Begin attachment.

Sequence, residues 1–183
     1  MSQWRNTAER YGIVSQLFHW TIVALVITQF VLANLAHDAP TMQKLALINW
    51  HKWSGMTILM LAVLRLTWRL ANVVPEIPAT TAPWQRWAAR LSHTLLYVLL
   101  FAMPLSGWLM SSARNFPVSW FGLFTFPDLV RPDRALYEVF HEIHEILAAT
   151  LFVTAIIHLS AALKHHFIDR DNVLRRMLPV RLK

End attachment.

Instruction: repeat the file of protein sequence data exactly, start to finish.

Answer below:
Sequence, residues 1–183
     1  MSQWRNTAER YGIVSQLFHW TIVALVITQF VLANLAHDAP TMQKLALINW
    51  HKWSGMTILM LAVLRLTWRL ANVVPEIPAT TAPWQRWAAR LSHTLLYVLL
   101  FAMPLSGWLM SSARNFPVSW FGLFTFPDLV RPDRALYEVF HEIHEILAAT
   151  LFVTAIIHLS AALKHHFIDR DNVLRRMLPV RLK